Editorial: Let the Columbia petition drive begin for strong mayor

08/18/2013 12:00 AM

08/16/2013 5:46 PM

THE MAJORITY of Columbia City Council members who imposed their own will in denying voters an opportunity to decide whether the mayor should be the city’s full-time chief executive failed to address the most important question: What is the people’s will?

That’s too important a question to leave unanswered. Fortunately, there are leaders in this community who understand that and intend to gather enough voters’ signatures to force the council to place the matter on the ballot. It is not only appropriate but necessary to finally give voters an opportunity to decide.

We had hoped that council members would put aside their personal feelings about a strong mayor and allow voters to express their preference. And we commend Mayor Steve Benjamin and councilmen Cameron Runyan and Brian Newman for voting to place a referendum on the ballot Nov. 5. But they were outvoted 4-3 last week by council members Tameika Isaac Devine, Leona Plaugh, Sam Davis and Moe Baddourah, whose argument that there’s no groundswell of support for a referendum is at the very best dubious.

A December 2009 poll of Columbia residents conducted for The State by Metromark Market Research found that 58 percent of respondents want a full-time mayor. Only 19 percent said they preferred a city manager, with the remaining 23 percent undecided. A 2005 survey conducted by Quinn and Associates found that 60 percent of active city voters favored a strong elected mayor. And business leaders say they are encouraged by two recent polls, which have not been made public, that found broad support for a full-time mayor.

Although there have been threats over the years that citizens would take matters into their own hands if City Council didn’t OK a vote, that has never materialized.

But the executive committee of the Greater Columbia Chamber of Commerce voted unanimously Aug. 6 to endorse a referendum and to pursue a petition drive if City Council refused to place the issue on the November ballot. State law requires that at least 15 percent of registered voters sign such a petition; in Columbia, that’s about 11,000 signatures. Business leaders will join with neighborhood organizers, civic groups and the faith community to develop a campaign.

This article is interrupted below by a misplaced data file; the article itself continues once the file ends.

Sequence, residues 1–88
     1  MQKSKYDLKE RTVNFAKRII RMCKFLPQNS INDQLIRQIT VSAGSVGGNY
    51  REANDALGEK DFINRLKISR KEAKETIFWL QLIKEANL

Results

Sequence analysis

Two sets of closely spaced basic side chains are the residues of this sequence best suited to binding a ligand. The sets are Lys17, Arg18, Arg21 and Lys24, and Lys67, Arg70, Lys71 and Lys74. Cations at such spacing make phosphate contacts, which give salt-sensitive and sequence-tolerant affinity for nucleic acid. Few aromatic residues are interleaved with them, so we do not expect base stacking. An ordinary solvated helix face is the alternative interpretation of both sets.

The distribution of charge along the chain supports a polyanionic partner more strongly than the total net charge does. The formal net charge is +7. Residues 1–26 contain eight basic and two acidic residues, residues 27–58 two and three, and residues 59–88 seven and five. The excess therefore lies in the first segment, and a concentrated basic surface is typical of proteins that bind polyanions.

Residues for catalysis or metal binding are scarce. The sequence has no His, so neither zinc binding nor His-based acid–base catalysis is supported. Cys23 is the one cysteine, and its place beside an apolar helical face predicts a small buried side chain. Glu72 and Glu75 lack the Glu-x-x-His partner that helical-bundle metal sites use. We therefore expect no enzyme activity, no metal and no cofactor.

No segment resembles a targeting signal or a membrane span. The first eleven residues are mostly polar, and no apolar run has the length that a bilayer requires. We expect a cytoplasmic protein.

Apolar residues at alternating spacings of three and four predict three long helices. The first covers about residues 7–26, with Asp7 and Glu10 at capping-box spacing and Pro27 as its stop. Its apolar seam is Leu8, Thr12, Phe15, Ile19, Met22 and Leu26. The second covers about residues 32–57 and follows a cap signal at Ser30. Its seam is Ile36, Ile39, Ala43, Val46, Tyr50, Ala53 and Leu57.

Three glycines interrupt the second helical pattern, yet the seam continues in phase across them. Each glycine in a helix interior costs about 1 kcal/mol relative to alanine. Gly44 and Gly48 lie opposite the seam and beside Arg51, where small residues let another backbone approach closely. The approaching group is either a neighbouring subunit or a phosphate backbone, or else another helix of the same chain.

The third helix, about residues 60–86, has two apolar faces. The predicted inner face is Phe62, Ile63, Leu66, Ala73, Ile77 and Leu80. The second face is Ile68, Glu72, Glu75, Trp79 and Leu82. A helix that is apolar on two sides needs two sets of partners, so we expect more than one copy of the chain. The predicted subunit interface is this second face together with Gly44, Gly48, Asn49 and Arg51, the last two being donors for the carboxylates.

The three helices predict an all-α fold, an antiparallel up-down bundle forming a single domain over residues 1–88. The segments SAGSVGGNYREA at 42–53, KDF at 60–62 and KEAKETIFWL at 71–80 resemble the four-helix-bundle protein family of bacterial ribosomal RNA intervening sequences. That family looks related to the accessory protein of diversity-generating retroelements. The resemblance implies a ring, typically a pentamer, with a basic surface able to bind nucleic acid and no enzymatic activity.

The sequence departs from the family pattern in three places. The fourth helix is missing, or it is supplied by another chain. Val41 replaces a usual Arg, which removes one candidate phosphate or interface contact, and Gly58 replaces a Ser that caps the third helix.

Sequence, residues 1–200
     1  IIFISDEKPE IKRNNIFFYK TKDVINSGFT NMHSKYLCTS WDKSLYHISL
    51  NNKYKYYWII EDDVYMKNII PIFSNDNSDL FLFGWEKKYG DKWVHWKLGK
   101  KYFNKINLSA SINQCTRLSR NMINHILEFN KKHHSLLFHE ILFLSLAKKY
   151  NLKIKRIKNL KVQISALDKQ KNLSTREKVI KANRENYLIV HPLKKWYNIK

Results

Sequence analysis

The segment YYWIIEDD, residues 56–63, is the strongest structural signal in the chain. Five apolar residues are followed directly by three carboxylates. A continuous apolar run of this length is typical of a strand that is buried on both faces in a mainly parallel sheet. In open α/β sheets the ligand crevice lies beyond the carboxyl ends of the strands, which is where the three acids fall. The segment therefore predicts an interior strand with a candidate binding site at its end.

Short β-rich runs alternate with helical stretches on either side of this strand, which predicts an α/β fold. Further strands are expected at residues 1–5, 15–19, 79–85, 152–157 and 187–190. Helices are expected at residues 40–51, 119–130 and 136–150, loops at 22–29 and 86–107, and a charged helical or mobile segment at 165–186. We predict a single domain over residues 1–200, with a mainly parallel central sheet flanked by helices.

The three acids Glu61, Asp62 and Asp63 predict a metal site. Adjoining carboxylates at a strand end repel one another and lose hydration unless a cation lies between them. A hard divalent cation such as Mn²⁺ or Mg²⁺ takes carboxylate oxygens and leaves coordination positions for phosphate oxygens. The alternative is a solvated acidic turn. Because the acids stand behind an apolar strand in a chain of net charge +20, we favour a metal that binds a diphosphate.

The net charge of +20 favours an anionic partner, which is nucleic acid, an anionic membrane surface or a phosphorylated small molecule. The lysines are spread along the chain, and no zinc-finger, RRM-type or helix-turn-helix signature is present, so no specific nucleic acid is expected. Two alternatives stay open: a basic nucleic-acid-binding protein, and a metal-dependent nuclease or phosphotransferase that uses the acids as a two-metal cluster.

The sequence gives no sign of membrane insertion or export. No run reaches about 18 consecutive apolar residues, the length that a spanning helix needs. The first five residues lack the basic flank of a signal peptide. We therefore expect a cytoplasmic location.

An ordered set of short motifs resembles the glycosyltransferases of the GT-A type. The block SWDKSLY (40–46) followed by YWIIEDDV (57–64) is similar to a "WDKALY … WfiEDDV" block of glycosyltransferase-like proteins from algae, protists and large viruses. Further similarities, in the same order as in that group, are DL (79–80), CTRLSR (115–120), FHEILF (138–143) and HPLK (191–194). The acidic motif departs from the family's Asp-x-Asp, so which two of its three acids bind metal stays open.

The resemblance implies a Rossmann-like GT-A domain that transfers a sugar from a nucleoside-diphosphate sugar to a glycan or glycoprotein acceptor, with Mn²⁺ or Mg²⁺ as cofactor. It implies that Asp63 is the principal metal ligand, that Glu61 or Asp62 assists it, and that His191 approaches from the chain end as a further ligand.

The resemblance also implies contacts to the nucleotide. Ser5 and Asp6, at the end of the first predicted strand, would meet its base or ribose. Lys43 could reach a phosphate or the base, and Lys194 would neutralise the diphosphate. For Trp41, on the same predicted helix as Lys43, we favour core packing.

Lee Bussell, chairman of the chamber’s executive committee, said no definite decision has been made on trying to get the matter on the Nov. 5 ballot. That might not be realistic, since by law the process would have to be completed by early October.

Whether the referendum is held Nov. 5 or later isn’t the most important thing. The most important thing is to determine — once and for all — whether voters want an unelected, unaccountable manager to continue hiring and firing and overseeing daily affairs or whether they prefer an elected, empowered mayor to assume those duties. Let the voters’ will be heard. And done.

Editor's Choice Videos

Join the Discussion

The State is pleased to provide this opportunity to share information, experiences and observations about what's in the news. Some of the comments may be reprinted elsewhere on the site or in the newspaper. We encourage lively, open debate on the issues of the day, and ask that you refrain from profanity, hate speech, personal comments and remarks that are off point. Thank you for taking the time to offer your thoughts.

Terms of Service